As winter is drawing to a close and we start to feel the warmth of spring it is a great time to put into practice healthy recovery behaviours that are important in maintaining long-term recovery such as sponsorship. Obtaining and retaining a sponsor after treatment and continuing with twelve step principles is an important first step.
Whether you are in early recovery or in recovery for a long-time the following are common questions and answers persons in recovery ask about sponsorship. The following information is referenced with permission from authour Hamilton B, Twelve Step, Sponsorship and How it works. 1996, Hazelden.
“Sponsorship is one of the greatest adventures and greatest rewards of Twelve Step Recovery”.
Why do I need a sponsor if I’ve been in recovery a long time?
No matter how long you’ve been clean, sober or abstinent you never stop working the steps. And you need another person to help you work the steps, even when you’re an old-timer. Twelve Step programs are based on staying clean, sober or abstinent one day at a time. In one sense, nobody has more than a day of recovery; we are all just one drink, one drug, or one behaviour away from a slip. No matter how long we have been in recovery, we still need someone to talk things over with. We still need that experience, strength, and hope that keeps us applying the Twelve Steps and living by their principles.
Do I have to do what my sponsor says?
If you think your sponsor is wrong, tell him or her so and discuss the issue.
Sponsorship styles vary significantly from person to person. Some sponsors are more strict than others; some are more inclined to offer advice, make demands, or give orders. For some people new to recovery, being told what to do may work. For others, it does not. If your problem with your sponsor stems from his or her style rather than from one or two specific suggestions, discuss this issue. If your sponsor’s style is to tell you what to do rather than offer suggestions or share his or her experience, strength and hope, you have a right to bring this observation up. While your sponsor may guide your recovery program, it is not his or her responsibility to run your life.
What if I can’t reach my sponsor when I need him or her?
Call someone else you know in the program, or someone you don’t know. Sponsors are important to us, but they have no special powers.
Like other program members, they can only share their experience, strength and hope. In an emergency, any program member can do the same.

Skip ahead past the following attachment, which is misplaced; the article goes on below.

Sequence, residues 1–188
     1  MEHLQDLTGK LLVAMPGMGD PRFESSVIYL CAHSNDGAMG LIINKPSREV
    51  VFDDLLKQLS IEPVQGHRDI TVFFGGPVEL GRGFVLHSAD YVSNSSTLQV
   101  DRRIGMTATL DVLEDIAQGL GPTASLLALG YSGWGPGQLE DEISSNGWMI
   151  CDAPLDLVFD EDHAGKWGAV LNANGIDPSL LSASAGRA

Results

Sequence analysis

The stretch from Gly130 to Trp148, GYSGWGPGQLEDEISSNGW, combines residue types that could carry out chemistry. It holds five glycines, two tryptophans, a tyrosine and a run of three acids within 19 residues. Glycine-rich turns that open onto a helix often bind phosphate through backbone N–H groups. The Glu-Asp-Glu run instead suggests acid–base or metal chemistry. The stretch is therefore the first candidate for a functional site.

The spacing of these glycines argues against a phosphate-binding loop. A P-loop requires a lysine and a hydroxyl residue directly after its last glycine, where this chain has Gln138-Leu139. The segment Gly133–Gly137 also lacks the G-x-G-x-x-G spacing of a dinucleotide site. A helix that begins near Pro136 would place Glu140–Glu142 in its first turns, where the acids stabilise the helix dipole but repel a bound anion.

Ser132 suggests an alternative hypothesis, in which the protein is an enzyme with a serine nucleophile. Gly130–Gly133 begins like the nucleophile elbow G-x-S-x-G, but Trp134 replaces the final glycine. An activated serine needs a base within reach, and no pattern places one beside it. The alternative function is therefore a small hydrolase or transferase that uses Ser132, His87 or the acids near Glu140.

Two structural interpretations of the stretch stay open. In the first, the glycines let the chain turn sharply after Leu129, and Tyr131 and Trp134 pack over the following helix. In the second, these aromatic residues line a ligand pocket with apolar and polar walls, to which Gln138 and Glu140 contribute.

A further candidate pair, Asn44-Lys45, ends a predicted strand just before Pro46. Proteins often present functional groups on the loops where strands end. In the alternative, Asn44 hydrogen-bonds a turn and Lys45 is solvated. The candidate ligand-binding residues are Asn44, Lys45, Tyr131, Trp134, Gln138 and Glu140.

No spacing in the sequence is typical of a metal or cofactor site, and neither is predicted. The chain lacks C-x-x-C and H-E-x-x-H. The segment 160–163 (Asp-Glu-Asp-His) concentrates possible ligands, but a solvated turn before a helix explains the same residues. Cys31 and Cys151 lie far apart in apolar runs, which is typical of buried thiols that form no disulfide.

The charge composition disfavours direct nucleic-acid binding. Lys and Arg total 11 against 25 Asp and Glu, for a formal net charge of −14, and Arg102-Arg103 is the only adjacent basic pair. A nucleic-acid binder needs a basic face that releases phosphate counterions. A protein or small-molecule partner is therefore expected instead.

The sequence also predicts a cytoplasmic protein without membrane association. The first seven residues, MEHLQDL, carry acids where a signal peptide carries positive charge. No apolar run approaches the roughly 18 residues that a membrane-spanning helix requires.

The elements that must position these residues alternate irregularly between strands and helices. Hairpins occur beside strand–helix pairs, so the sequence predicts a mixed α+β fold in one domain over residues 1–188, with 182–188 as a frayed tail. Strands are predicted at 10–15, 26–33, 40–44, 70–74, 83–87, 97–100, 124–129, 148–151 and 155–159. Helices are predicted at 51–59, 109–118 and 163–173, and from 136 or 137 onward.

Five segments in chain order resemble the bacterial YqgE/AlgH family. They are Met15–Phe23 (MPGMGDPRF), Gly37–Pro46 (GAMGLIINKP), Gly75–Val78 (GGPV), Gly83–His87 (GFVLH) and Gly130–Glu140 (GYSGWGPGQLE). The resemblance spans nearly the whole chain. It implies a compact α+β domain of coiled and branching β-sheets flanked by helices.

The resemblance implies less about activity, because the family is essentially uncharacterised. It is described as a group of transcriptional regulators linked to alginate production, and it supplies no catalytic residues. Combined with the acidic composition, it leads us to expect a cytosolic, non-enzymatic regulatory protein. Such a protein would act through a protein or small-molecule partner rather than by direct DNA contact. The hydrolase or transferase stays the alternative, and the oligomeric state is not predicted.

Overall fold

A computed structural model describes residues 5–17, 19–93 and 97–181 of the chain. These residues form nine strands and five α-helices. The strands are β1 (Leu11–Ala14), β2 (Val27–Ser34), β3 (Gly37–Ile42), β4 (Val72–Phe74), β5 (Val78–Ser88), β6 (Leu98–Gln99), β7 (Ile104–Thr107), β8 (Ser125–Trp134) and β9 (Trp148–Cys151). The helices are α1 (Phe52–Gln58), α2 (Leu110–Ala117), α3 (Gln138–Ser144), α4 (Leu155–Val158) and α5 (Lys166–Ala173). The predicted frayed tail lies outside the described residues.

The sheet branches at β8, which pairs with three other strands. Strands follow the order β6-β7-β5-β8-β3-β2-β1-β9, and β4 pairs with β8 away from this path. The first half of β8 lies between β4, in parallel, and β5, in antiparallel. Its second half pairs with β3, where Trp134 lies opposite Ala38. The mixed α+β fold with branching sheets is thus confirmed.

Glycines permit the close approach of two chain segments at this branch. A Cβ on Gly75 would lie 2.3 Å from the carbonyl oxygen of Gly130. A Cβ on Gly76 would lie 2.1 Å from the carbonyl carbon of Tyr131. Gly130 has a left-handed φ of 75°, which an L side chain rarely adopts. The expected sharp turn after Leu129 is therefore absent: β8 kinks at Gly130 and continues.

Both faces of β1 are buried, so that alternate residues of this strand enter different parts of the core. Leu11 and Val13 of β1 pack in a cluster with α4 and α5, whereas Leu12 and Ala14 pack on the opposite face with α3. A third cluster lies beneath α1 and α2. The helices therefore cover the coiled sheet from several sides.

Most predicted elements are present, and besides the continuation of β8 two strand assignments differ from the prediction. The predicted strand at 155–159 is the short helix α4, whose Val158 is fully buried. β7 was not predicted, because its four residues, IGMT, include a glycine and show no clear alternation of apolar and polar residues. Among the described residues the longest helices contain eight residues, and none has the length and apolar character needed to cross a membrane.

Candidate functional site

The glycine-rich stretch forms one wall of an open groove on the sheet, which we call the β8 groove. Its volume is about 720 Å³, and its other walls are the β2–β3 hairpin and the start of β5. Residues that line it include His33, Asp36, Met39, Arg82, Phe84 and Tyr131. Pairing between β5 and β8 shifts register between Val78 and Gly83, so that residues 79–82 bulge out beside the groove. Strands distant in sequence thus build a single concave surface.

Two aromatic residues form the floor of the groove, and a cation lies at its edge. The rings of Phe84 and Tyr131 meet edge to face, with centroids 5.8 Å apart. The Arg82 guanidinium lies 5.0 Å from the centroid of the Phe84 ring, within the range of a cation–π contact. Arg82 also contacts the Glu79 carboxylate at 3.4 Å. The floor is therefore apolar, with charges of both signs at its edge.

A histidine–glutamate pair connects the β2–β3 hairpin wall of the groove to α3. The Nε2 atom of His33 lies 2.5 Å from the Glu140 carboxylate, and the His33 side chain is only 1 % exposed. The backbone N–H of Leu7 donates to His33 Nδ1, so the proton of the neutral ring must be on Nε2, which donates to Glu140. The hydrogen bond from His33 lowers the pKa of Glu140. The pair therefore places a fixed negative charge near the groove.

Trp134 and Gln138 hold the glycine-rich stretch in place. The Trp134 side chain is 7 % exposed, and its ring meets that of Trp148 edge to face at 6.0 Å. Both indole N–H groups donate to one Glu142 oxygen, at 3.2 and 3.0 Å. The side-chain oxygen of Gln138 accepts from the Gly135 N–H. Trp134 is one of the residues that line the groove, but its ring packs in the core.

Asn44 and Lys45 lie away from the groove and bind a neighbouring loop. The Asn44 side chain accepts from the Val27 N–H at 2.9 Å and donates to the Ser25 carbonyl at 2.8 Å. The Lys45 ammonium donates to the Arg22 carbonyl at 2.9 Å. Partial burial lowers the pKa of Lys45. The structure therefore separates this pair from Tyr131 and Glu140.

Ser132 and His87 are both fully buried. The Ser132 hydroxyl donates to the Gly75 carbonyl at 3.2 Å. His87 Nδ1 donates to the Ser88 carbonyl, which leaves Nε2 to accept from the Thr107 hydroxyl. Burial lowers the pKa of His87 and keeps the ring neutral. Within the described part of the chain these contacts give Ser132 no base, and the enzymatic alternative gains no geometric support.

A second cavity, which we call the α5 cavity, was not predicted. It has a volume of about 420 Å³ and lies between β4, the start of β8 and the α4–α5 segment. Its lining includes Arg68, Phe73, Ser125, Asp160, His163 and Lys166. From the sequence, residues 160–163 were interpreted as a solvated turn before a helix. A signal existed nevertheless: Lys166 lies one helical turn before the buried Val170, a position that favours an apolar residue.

Carry a list of Twelve Step members telephone numbers in your wallet or purse to use in an emergency. If you don’t have a list with you, call the Intergroup or Central Office in your community if you’re in AA, or its equivalent if you’re in another Twelve Step Fellowship. These telephone numbers are often available from directory assistance. If you can’t get hold of your sponsor in an emergency call anyone in the program.
Some factors to consider in choosing a sponsor:
- Has what we want
- Lives in the solution
- Walks the talk
- Has a sponsor
- Emphasizes the Steps
- Has more time in recovery than we do
- Has worked more Steps than we have
- Is available for telephone calls and meetings
- Emphasizes the spiritual aspect of the program
- Is the same gender
Remember to take your time choosing a sponsor. “A sponsor can help us to achieve a richer, deeper more enjoyable recovery than we are likely to find on our own”.
Establishing healthy relationships and trust in others is sometimes difficult to do especially if our past experience with others in active addiction has been one negative experience after another. We seek treatment with the intention of changing our lives and after treatment we are given the tools on what works.
The disease of addiction is a progressive disease; obtaining a sponsor and continuing with twelve steps is a process. Therefore working with a sponsor encourages the continuation of a recovery program.
A Sponsor teaches and understands the language and principles of what a recovery program entails because they have been through the process. They help their sponsees to understand the program more quickly and encourage recovery behaviours as well as the importance of fellowship. They also monitor your progress, confront self-sabotaging behaviours and generally guide a sponsee to stay focus.
Recovery cannot be done alone or in isolation; it involves fellowship, continuous self-examination and a willingness to change. Please remember to submit articles or ideas for future updates.